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of eminent quality, which, though called the Reader's Feast, was at the expence of the house.

“A reader also took place not only within his society but elsewhere, of all such as had not been readers, and he was wont to be heard in the King's Bench, and other courts of justice before others.”

We shall not venture to make any comment upon the disuse of the custoın, but must add, that these readings are not only curious from their antiquity, but some of them at least undoubtedly form a most valuable commentary upon the old statutes, and the publication of them has been often recommended, but for very obvious reasons, performed to a partial extent only. The expence and labour attending such an attempt are indeed sufficient to deter the most indefatigable antiquarian from hazarding it; but these reasons do not apply in all their force to the Law Journal, and having a few pages of our Number, which we devole to the publication of papers, likely to prove interesting to the profession, we think we cannot occupy them better than by occasionally giving such of these valuable remains as have never been published, together with curious legal Biography, which we commenced in the last Number.

We now present the introductory lecture of Mr. Serjeans Ashley to his readings, on the liberty of the subject, delivered at a very critical period of our history, and when this topic excited general attention.

READINGS on the Statute of Magna CHARTA, and other Statutes, relating to the Liberty

of the Subject. By FRANCIS ASHLEY, Esq.* afterwards Sir Francis AshLEY, Knight, and one of tke two elder Serjeants at Law, Anno 1625, Ist King Charles I.

(From an Original unpublished MS.) I AM not ignorant how improper a personall discourse is to a public auditory, but if tolerable at any tyme, it may

* Mr. Ashley was attuan render in the Middle Temple in the 14th year of king James, A. D. 1616. He was made serjeant at law by patent, dated 15 February, 15th of James, A. D. 1617, and in the first year of king Charles, oth April,, A. D. 1625, was made one of the two elder serjeants at law, and after *ords received the honoos of knighthood. - In the year 1628, he was counsel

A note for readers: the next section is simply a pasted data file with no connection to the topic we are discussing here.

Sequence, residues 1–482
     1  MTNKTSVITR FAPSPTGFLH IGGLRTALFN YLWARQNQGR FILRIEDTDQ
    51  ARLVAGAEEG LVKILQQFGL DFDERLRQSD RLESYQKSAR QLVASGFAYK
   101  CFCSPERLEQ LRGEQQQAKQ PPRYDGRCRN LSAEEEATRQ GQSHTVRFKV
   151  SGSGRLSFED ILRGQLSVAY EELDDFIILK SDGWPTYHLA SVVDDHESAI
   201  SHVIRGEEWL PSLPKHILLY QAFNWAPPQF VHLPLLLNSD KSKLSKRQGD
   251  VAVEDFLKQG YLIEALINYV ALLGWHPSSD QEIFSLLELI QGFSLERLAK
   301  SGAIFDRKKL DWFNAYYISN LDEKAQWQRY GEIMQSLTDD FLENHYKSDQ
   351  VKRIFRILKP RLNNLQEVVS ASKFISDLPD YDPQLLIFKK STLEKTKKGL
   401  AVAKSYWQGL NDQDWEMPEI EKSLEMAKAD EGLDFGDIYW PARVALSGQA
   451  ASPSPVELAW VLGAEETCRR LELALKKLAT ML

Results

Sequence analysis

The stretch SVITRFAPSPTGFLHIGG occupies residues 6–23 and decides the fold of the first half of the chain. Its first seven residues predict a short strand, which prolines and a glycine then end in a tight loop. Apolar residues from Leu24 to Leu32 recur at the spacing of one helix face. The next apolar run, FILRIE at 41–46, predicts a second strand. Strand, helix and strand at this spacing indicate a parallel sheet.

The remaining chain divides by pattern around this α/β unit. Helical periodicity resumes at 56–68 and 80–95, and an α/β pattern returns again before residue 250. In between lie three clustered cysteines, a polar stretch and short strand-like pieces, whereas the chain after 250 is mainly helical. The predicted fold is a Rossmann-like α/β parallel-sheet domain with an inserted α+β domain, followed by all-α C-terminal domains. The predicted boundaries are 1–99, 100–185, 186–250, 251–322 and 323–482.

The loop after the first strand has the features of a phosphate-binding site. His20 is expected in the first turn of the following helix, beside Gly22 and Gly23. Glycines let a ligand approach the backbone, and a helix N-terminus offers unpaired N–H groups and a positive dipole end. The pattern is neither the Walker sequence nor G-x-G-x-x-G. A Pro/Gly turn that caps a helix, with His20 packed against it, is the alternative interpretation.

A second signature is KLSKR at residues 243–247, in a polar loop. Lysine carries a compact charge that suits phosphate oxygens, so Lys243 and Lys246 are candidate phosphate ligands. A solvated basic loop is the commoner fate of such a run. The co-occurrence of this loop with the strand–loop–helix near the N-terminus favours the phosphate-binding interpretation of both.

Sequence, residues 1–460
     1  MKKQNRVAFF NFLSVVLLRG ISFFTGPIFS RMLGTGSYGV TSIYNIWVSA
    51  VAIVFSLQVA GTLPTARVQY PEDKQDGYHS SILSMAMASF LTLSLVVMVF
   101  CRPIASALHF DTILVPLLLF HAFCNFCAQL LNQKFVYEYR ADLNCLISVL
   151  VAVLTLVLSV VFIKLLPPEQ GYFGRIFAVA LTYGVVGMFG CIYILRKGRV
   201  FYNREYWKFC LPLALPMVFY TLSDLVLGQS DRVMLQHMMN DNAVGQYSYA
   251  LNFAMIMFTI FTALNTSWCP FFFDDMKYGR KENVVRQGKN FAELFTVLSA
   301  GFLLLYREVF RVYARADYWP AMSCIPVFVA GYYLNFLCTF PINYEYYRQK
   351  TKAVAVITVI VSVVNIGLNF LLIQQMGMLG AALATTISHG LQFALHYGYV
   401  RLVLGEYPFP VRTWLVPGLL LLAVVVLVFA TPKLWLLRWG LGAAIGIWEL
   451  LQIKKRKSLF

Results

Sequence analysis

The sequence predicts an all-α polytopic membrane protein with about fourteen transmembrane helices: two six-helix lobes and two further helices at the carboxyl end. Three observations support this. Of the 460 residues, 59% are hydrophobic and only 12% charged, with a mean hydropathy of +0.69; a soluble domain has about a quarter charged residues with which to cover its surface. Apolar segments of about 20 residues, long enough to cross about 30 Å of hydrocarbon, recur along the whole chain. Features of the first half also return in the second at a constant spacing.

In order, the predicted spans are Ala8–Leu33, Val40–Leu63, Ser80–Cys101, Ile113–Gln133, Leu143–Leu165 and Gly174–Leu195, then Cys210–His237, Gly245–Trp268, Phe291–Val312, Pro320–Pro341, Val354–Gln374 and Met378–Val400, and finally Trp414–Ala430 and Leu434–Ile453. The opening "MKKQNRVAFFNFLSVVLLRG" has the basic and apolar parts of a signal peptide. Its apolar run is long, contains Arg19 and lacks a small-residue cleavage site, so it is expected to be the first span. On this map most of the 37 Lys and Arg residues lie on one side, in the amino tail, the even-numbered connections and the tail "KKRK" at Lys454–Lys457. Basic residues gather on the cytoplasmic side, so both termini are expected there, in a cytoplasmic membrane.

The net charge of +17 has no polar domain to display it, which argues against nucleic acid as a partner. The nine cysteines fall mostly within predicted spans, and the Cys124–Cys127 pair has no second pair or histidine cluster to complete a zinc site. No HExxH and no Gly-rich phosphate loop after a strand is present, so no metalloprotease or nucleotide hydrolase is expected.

best receive a dispensation at those tymes when by a comendable custome, men are to render a reason of these undertakings.

“ Wherein I must needs declyne the comon apologie of distraction in resolution, and struggling with difficultyes that commonly disswade, and sometymes wholly divert these enterprizes: for since I first entered into this profession, and when I had once put my hand to this plough, I resolved not to looke back, and have therefore alwayes steered on with a foreright course, per sara, per undas : yet after long travaile, am but now entered the streights, and no sooner entered, but am presently fallen on the point which may well be called perilous, for it cannot be denied to be a perilous point indeed, when a nran must inevitably run the hazard of wreck of no worse commodity than his reputation, upon the rock of censure, be it either just or unjust, for if the censure of my actions be just according to their defects, or if my intentions be unjust according to their sincerity, either of these are sufficient to dip me in that depth of ruyne, wbich ( doe soe fearfully shun.

“I am not ashamed to say fearfully, sithence the most learned of physitians doe acknowledge that strong and sound bodies inay be sometymes affected with the disease which they call tremor cordis, a trepidation of the beart, which though not mortall, yet works a strange perturbation of the spirites for a tyme. Noe marvail then if I have a strong touch of this disease, to whom, out of long experience and inuch observation, it is right well knowen, that as often as a man speaks, soe often is lue judged: a man's words and wri. tings being but the pourtraitures and pictures of his mind, and his actions but an index to his intentions, but especially doe a man's publique actions indicare Tirum. When then a inan is to be heard, and being heard, inust be judged,